Symbiot a Texas based Internet security company has announced a new technology that allows companies to ‘strike back’ at cyber attackers. Symbiot is looking to become a sort of ‘Smith & Wesson’ or Winchester of the ‘world wild web’, this may not be a good idea. Imagine giving bank staff access to machine guns. Then imagine telling them that you are going to export their jobs to Mumbai or a 14 year-old kid upsets them and you end up with a Falling Down type scenario. Further imagine that the bank employee kills a whole pile of bystanders.
This is the real-world equivalent of what could happen on the Internet. Hackers and script kiddies use slave machines to mount an attack whilst being concealing their own identities. ISPs and POPs (the internet equivalent of bus companies and roadways) could end up casualties, whilst the real perps get away scot free. In fact, this infrastructure disruption could encourage hackers to seek out and provoke a Symbiot powered response as a ‘denial of service attack by proxy’ on a particular network provider.
Now, imagine if one of Symbiot’s killer boxes was hacked and got into the hands of someone who really knew how to do it?
While the Dept of Homeland Security worries about the risk of radical Islamic hackers, its time they should start looking a little bit closer to home….
You can read my contribution to AlwaysOn about Symbiot here
So it comes to this, a sad, yet necessary departure. A bitter sort of weak surrender. A long-delayed recognition that my reality doesn’t reconcile with my self-perception. Yes, I own a ‘hoover’.
Not just any ‘hoover’, mind. This is a gleaming mulberry 1976 Hoover TurboDrive Junior with one prior and now deceased owner. It’s suction power was unrivalled for the decade of its manufacture and I note, with some satisfaction, its extended handle seems perfectly designed for platform boot wearers. Its action is factory fresh and its suction really sucks.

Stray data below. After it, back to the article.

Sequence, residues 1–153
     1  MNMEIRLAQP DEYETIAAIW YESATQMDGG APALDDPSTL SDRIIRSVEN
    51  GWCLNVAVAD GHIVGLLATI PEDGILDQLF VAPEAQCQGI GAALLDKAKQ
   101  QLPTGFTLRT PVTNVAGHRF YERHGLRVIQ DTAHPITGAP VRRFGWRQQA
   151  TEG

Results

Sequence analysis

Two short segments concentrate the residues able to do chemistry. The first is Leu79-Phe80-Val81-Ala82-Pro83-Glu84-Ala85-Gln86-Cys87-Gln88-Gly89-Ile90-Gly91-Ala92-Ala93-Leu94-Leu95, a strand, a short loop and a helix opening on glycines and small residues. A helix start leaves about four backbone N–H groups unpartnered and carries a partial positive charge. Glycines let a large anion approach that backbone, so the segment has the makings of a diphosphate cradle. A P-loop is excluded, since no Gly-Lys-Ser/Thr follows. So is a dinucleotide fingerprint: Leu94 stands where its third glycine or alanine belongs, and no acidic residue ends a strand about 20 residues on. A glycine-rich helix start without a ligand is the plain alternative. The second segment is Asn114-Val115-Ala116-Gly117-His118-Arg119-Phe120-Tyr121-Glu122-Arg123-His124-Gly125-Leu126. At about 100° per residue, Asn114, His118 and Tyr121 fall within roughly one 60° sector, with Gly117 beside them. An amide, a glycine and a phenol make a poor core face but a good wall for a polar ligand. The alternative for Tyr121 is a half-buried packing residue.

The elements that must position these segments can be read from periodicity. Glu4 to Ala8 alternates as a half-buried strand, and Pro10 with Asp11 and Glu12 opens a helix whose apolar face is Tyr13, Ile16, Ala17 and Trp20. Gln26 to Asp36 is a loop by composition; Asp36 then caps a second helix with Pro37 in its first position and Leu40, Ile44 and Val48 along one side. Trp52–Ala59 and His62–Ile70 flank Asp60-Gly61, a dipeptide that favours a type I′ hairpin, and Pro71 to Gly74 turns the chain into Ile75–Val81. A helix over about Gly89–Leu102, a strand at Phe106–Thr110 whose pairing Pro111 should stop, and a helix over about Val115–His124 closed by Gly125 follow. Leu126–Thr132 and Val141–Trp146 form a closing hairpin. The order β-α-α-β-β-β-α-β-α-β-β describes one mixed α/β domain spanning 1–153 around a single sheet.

My initial temptation to road-test it immediately has been resisted largely because I have no carpet but were I not so hung up on the nasty paedophile echo of Gary Glitter’s ‘Leader’ I might take it for glam-glide round the floorboards of my flat. There is sadly an additional problem here – I’ve got no floorboards.
My builder ‘D’ya GetMe’ Dave, is poised to sort out my structural deficiencies. This has involved long conversations about galvanised joist supports and penetrated Victorian slate damp courses during which each sentence ends not with a full stop, but a ‘D’ya GetMe.’ I’m getting on quite well with Dave – it’s my first encounter with a construction professional and, having privately calculated that the work will cost me between 30% and 50% more than the quote and take 30% to 50% longer than the schedule, we have made a breakthrough – I have assured Dave I’m good for a grand and I think, at long last, he gets me.
So here I am with a mortgage, an artisan in my employ and the brand royalty of home suction devices. This was not meant to happen but at least I have resisted acquisition of an iron.
Well-known journalists Bob Emmerson and George Malim have agreed to contribute to the blog. This won’t happen for a while because Bob has a trade show in the US to attend, but I look forward to having my own copy disrupted by some well written postings!